purpose.

*This was originally not meant for my blog, but I’ve been focusing writing a longer piece so I decided to put this up anyway. I know it’s not my usual kind of writing, but, different is good, I suppose.*

When I speak of my attachment to “Pride and Prejudice” by Jane Austen, most listeners scoff at the very idea. A teenage girl idolizing Darcy and Elizabeth’s cliché relationship, what could possibly be more stereotypical? First things first, Darcy and Elizabeth are not the reason I love “Pride and Prejudice”. Sorry, Jane Austen. I don’t dream of falling in love all day, and if anything, I feel that their relationship is too far from reality to even dream about.

It’s not the flirtatious rendezvous or the gossip of Longbourn, or the dry humor- none of those contribute to my relationship with the novel. Instead, it’s the familiarity of the words stringing together on coffee-stained, tattered pages. The first time I read “Pride and Prejudice was at age eight. I could barely understand the plot of the story, let alone appreciate a single sentence. But, for some reason, there was something about the complexity I enjoyed. To me, the book was a mystery. And, I had to solve it by making sense of it.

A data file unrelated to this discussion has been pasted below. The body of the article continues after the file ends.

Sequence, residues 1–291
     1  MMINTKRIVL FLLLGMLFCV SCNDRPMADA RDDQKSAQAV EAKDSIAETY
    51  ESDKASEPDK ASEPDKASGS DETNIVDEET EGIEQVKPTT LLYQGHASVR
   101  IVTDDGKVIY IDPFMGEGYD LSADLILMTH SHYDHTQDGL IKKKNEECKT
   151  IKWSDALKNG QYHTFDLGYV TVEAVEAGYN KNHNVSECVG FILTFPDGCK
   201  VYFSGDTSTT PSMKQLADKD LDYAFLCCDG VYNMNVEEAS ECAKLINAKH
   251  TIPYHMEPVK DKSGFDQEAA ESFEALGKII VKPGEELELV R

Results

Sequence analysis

Over the years, I have read “Pride and Prejudice” more times than I could ever imagine. I know every line of every single page in the book. Yet, every time I go back and read the words again, it’s never the same words. I am constantly able to find deeper meaning in everything. Despite both the novel and I being committed to one another, our relationship isn’t boring like most committed relationships in the real world. Instead, I learn of my own self through our relationship. When I look back on my life, I don’t see it through countless photographs. Instead, I picture the many times I have read “Pride and Prejudice” and how each time reading it, I have matured into someone different.

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